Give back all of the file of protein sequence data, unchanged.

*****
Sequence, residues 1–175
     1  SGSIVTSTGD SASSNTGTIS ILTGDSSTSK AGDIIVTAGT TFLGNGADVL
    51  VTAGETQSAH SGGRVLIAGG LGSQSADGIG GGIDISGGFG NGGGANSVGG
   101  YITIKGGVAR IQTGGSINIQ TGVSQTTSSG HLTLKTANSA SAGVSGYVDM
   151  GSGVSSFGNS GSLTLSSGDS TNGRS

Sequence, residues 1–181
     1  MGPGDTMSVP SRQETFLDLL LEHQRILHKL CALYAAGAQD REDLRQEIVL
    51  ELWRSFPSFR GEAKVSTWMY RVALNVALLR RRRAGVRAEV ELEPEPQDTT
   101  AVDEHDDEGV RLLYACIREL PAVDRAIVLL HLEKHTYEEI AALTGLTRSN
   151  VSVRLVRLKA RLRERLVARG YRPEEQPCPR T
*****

Sequence, residues 1–175
     1  SGSIVTSTGD SASSNTGTIS ILTGDSSTSK AGDIIVTAGT TFLGNGADVL
    51  VTAGETQSAH SGGRVLIAGG LGSQSADGIG GGIDISGGFG NGGGANSVGG
   101  YITIKGGVAR IQTGGSINIQ TGVSQTTSSG HLTLKTANSA SAGVSGYVDM
   151  GSGVSSFGNS GSLTLSSGDS TNGRS

Sequence, residues 1–181
     1  MGPGDTMSVP SRQETFLDLL LEHQRILHKL CALYAAGAQD REDLRQEIVL
    51  ELWRSFPSFR GEAKVSTWMY RVALNVALLR RRRAGVRAEV ELEPEPQDTT
   101  AVDEHDDEGV RLLYACIREL PAVDRAIVLL HLEKHTYEEI AALTGLTRSN
   151  VSVRLVRLKA RLRERLVARG YRPEEQPCPR T